“You can almost see some of it as kind of an extreme heretical form of folk Catholicism,” he said. “In fact, I can say Santa Muerte could only have arisen from a Catholic environment.”
This, coupled with the fact that Mexican Catholics are suddenly much more familiar with death, with the recent drug wars having left upwards of 60,000 - 120,000 Mexicans dead - makes a saint of death that much more intriguing.
“Paradoxically, a lot of devotees who feel like death could be just around the corner - maybe they’re narcos, maybe they work in the street, maybe they’re security guards who might be gunned down - they ask Santa Muerte for protection.”
Why she’s no saint
Her familiarity and appeal is actually part of the danger of this devotion, Fr. Gutierrez said.
“(Santa Muerte) is literally a demon with another name,” he said. “That’s what it is.”
In his own ministry, Fr. Gutierrez said he has witnessed people who “suffer greatly” following a devotion to the folk saint.
Fr. Gary Thomas, a Vatican-trained exorcist for the Diocese of San Jose, told CNA that he has also prayed with people who have had demonic trouble after praying to Santa Muerte.
“I have had a number of people who have come to me as users of this practice and found themselves tied to a demon or demonic tribe,” he said.
Fr. Gutierrez noted that while Catholics who attend Mass and the sacraments on a regular basis tend to understand this about Santa Muerte, those in danger are the cultural Catholics who aren’t intentionally engaging in something harmful, but could be opening the door to spiritual harm nonetheless.
Elizabeth Beltran is the parish secretary at Cristo Rey Church, a predominantly Latino Catholic parish in Lincoln, Nebraska.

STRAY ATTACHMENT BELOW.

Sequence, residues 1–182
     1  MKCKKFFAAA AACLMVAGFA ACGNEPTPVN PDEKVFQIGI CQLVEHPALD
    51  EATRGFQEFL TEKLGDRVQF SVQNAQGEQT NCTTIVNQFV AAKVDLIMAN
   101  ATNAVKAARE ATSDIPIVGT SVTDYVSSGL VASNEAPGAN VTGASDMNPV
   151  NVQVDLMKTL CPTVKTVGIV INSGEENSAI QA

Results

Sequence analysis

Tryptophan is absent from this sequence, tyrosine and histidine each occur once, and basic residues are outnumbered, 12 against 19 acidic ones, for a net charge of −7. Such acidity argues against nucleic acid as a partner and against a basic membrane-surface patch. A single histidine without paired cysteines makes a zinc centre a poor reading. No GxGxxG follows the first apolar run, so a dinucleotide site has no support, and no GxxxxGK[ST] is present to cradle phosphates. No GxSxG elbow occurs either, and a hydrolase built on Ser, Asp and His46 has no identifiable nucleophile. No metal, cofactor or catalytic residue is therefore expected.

Beltran, who grew up in Mexico and whose family is still in Mexico, said she started noticing Santa Muerte about 15-20 years ago, but she hasn’t yet noticed the presence of the devotion in the United States.
Besides narcos and criminals, the folk saint also appeals to poor, cultural Mexican Catholics or those who are simply looking for something to believe in, Beltran said.
“People who don’t know their faith very well, it’s very easy to convince them” to pray to Santa Muerte, she said. It’s common practice in Mexico for people to mix superstitious practices with Catholic prayers like the Our Father or the Hail Mary, in order to gain trust in the Catholic culture.
Besides her demonic ties, she’s also a perversion of what the practice of praying to saints is all about, said Fr. Ryan Kaup, a priest with Cristo Rey parish.
“What we venerate as saints are real people who have chosen this life to follow the will of our Lord and have done great things with their lives, and now they’re in heaven forever, and so that’s why we ask for their intercession,” Fr. Kaup said.
“So taking this devotion and this practice that we have of asking for this saint’s intercession and twisting it in such a way as to invoke this glorified image of death is really a distortion of what we believe is true intercession and truly the power of the saints.”
Because of her growing popularity in the United States, Fr. Gutierrez said he is hoping that bishops and Catholic leaders in the U.S. become more aware of the danger of the Santa Muerte devotion and start condemning it publically.
“I would love to hear something on a national level, from the U.S. conference of Catholic bishops or from local bishops speaking about it publicly,” he said. “I think that would be one way to really call it to attention.”
Fr. Thomas added that honoring a saint of death is a corruption and distortion of what Christians belief about Jesus, who came to give us eternal life.
“‘Saint Death’ is an oxymoron. God is a God of the living, not the dead.”
This article was originally published on CNA Oct. 30, 2016.